A Convicts Home From 'Street Life in London', 1877, by John Thomson and Adolphe Smith. "In Drury Lane there is a house which has been celebrated for more than a century. It was a "cook-shop" in Jack Sheppard’s time. This notorious criminal often dined there, and it is now still frequented by hungry convicts or ticket-of-leave men, who find kindly welcome and may, If they choose, receive wholesome advice from the owner of this strange establishment…"
An Australian convict token engraved on both sides of an 1806 British penny, 1844; one side is engraved with an emu and kangaroo, Antipodean symbols, plus a ship, representing the journey from Britain to Australia.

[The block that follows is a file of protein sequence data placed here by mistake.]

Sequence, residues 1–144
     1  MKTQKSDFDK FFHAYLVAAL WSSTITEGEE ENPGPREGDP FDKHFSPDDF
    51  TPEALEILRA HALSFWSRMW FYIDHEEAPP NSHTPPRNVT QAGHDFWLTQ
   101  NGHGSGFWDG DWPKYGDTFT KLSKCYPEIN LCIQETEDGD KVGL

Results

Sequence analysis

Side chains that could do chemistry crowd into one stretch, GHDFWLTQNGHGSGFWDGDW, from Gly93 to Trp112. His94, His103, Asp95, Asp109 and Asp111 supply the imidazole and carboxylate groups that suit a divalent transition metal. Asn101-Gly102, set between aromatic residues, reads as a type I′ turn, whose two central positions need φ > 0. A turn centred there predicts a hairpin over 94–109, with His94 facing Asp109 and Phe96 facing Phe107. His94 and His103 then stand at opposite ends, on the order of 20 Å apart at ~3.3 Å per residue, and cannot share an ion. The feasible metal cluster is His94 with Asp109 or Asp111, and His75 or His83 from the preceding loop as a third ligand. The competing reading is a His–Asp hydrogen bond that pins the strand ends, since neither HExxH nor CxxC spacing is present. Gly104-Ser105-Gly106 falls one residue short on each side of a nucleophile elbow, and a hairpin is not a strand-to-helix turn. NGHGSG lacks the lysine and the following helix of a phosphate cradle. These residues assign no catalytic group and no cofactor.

A tale they won't believe. Alexander Pearce, Confession of murder and cannibalism, 1824. Mitchell Library, State Library of New South Wales: http://www.acmssearch.sl.nsw.gov.au/search/itemDetailPaged.cgi?itemID=448868
"Burking." The process of killing poor people and selling their bodies for medical study in 19th century London. (The body is in the basket on the man's shoulder). Occasionally the medical men they delivered too would perceive the body as being too fresh (never buried...grave robbing was one thing, murder another) and alert authorities.